"The Storm": More Than Just a Story
In the short story "The Storm" by Kate Chopin, the two main characters, Calixta and Alcee, had a flirtation several years before the story takes place, but each made a more suitable marriage to someone else and they have not seen each other since. In the present when the action takes place they are reliving that time when their passion was at its climax. This, essentially, is what the story seems to be about at the surface. Underneath the surface, there is a deeper and a larger meaning. "The Storm" helps to define the sexual standards and restraints of the late nineteenth century while also making a statement about humans’ natural tendency towards sexual passion.
Chopin begins to illustrate this sexual restraint of the time by using the title "The Storm." When thought of in literary terms, a storm tends to be associated with conflict, uneasiness, and turmoil. Chopin uses the image of the storm to represent the sexual tension that builds throughout the story between Alcee and Calixta. Critic Robert Wilson suggests further that "Chopin’s title refers to nature, which is symbolically feminine; the storm can therefore be seen as symbolic of feminine sexuality and passion, and the image of the storm will be returned to again and again throughout the story" (1).
Chopin begins using the illustration of the storm with Calixta’s husband, Bobinot. Bobinot decides to wait out a storm at the general store with their son, Bibi. This waiting out or avoidance of the storm suggests that Bobinot also avoids the stormy passions that his wife is clearly capable of. After this, the reader is introduced to Calixta at their home, sewing and doing other household chores, "unaware that the storm is coming" (Wilson 2). This suggests to Wilson that "her sexuality is repressed by the constraints of her marriage and society’s view of women, represented in this passage by the housework" (2). Airing out on the porch are her husband’s Sunday clothes, which Wilson says "allude to society in the form of the church" (2). The story continues with other illustrations using the storm until, finally, after Alcee and Calixta’s sexual encounter, the storm finally begins to pass and everything in the world seems renewed and fresh.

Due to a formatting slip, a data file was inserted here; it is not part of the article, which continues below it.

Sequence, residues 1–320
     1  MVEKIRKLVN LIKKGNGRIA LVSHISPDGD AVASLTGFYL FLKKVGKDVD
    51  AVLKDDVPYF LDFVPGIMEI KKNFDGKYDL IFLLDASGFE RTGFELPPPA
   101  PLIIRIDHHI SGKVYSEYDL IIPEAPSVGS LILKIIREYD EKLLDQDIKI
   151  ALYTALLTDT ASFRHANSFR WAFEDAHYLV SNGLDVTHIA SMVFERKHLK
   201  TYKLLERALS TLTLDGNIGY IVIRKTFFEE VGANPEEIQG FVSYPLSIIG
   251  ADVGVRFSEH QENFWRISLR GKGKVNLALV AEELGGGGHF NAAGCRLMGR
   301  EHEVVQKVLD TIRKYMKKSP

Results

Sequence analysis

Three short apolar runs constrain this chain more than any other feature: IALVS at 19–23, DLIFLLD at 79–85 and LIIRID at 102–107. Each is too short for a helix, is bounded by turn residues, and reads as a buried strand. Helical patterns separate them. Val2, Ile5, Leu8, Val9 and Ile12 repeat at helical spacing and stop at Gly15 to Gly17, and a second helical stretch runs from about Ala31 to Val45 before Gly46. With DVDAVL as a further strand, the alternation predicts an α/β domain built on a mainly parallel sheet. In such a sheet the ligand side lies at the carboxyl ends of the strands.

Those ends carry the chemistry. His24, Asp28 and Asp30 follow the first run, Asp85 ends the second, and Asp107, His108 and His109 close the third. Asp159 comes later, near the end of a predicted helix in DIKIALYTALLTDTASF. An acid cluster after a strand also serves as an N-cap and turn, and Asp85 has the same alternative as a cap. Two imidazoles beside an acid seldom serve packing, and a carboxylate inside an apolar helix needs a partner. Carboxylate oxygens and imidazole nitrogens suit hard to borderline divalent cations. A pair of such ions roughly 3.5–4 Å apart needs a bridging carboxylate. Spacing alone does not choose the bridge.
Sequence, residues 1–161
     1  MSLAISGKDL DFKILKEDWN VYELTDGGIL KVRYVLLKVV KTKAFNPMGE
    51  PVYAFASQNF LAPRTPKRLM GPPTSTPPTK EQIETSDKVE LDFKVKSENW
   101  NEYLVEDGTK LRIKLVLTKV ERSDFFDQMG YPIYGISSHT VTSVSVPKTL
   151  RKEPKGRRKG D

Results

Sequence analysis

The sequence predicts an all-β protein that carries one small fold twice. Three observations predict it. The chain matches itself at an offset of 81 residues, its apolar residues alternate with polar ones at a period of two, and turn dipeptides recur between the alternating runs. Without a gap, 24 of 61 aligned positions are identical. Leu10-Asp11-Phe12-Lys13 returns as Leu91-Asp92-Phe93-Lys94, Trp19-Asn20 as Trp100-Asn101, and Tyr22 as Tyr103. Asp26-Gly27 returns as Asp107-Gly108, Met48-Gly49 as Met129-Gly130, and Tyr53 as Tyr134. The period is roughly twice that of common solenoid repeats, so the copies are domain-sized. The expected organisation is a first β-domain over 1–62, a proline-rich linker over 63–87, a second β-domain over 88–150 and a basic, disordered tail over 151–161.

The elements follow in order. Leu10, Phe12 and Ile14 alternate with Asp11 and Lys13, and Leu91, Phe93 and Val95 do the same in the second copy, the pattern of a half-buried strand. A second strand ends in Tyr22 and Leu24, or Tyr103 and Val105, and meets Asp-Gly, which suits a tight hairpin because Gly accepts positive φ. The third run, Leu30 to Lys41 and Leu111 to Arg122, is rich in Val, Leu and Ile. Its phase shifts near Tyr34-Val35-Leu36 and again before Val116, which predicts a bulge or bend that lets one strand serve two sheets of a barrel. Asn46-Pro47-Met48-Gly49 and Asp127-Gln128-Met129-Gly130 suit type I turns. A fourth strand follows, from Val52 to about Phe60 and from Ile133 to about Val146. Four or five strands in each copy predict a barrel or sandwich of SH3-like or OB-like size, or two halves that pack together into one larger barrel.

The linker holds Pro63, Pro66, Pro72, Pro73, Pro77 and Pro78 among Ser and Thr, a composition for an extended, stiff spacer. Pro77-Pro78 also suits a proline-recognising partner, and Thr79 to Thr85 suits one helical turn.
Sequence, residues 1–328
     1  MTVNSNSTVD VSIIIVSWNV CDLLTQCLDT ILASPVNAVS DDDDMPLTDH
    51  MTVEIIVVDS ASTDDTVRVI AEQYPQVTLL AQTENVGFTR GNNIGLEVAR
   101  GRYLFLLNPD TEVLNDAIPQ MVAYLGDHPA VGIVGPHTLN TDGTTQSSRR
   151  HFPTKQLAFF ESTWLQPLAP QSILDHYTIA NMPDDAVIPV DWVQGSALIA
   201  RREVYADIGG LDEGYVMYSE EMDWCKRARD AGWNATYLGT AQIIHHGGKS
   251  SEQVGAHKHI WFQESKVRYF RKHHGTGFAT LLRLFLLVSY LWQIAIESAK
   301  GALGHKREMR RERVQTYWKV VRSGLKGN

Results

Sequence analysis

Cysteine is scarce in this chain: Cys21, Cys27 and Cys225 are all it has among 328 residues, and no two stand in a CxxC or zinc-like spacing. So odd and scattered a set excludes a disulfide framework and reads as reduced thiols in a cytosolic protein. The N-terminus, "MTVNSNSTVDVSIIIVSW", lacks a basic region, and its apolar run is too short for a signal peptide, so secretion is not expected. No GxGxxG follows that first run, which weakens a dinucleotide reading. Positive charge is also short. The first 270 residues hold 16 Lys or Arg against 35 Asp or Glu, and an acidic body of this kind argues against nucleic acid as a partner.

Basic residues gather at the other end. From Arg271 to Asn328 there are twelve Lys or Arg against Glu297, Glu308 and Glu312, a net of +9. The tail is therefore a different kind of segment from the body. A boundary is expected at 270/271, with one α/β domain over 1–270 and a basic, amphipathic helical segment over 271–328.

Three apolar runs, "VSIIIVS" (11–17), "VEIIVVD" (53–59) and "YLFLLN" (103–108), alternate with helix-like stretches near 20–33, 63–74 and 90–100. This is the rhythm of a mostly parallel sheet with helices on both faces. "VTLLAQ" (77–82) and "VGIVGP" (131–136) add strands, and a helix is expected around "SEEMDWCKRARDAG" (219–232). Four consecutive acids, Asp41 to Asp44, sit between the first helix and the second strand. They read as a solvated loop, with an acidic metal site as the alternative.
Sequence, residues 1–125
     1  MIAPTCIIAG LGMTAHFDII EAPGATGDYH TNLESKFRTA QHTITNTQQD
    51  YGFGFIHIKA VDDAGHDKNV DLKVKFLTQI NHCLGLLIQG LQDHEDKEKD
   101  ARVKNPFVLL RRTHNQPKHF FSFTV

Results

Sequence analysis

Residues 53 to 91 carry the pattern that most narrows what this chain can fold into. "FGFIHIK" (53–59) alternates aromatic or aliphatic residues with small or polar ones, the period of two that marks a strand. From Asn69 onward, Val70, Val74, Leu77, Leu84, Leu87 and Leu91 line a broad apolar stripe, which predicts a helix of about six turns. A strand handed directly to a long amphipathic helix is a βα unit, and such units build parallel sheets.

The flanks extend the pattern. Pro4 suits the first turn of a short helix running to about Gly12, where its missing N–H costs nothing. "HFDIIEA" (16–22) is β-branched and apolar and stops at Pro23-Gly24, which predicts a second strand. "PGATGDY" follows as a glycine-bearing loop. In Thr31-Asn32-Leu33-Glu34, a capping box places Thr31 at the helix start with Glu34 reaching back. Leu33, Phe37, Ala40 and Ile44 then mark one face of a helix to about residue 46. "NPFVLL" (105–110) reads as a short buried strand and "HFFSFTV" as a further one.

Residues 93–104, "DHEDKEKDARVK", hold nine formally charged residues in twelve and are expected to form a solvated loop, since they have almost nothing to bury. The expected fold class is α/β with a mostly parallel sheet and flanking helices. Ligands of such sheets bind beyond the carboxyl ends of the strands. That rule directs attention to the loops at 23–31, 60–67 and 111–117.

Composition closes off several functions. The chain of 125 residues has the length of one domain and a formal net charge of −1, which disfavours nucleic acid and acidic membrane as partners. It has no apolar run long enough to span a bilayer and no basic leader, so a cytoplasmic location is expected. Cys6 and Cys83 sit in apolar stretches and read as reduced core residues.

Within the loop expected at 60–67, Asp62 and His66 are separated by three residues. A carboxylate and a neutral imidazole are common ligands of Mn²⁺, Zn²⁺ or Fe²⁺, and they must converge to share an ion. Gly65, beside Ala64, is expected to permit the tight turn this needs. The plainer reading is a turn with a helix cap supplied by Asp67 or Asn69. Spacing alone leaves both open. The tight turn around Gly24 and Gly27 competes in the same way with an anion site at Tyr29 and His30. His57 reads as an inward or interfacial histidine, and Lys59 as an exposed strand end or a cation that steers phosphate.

Chopin uses many of Calixta’s actions in "The Storm" to represent the sexual restraint of the time. Perhaps one of the best examples of this occurs when Calixta is doing housework. Up until Alcee arrives at the house, Calixta is working with much vigor and frustration. Calixta has some clothes that are hanging out to dry on the porch and, after Alcee arrives, they are in danger of blowing away from the strong winds that are approaching with the storm. Wilson writes, "Alcee grabs Bobinot’s pants, symbolically subverting the social and marital constraints that control Calixta" (Wilson 2-3). While visiting with Alcee, Calixta talks somewhat excitedly about housework, preparing the house for the coming storm, Bobinot, and other aspects of her married life, helping to illustrate the sexual tension that she feels while around Alcee.
As the scene between Calixta and Alcee progresses even further and the storm draws nearer, both Calixta and Alcee put away their apprehensions about acting on the sexual tension that is apparent between them. This is symbolized again by Calixta’s housewifely actions. Wilson writes again about this: Calixta begins to gather up a cotton sheet that she has been sewing, in effect putting away a symbol of society’s constraints. She is becoming as unsettled as the elements outside, the passion of the storm echoing her inner emotions (3). By putting away the cotton sheet, thus putting away a reminder that she is married and has a life with another man, she is opening up to the possibility of interaction between herself and Alcee, even if the encounter turns out to be just physical without any emotion involved. Without any sort of object between herself and Alcee, Calixta is vulnerable to Alcee. Calixta now has nothing to distract her or to occupy her time and is now forced—or free—to concentrate solely on him
After Alcee and Calixta’s sexual encounter, the storm begins to depart. At this point, Calixta and Alcee are faced with the aftermath of what they have done. Instead of regretting the act, however, Calixta and Alcee feel renewed. In the last line of "The Storm" Chopin writes, "So the storm passed and everyone was happy" (309). Wilson underscores this, writing, "as Alcee leaves, he turns and smiles, and Calixta laughs out loud; her passion is seen to be natural, experienced without guilt or shame" (4). Calixta seems to receive something from the sexual encounter with Alcee that she does not receive with her husband Bobinot. Through this encounter with Alcee, Calixta is able to release her true feminine sexuality in a completely different manner than she is able to in her married union with Bobinot.
Not only is "The Storm" a story about humans’ natural sexual tendencies, but this story also represents the sexual reservations of Chopin’s particular time period. Chopin herself seemed to be very much in touch with her feminine sexuality. Through her writing of this story, she was able to not only express her own thoughts about sexuality, but she was also able to make a private statement about her feelings on the sexual mores of the current time period. Since Chopin, according to her biographer Emily Toth, did not attempt to publish "The Storm," this statement remained private until the story was discovered decades later among papers and journals in her grandson’s attic.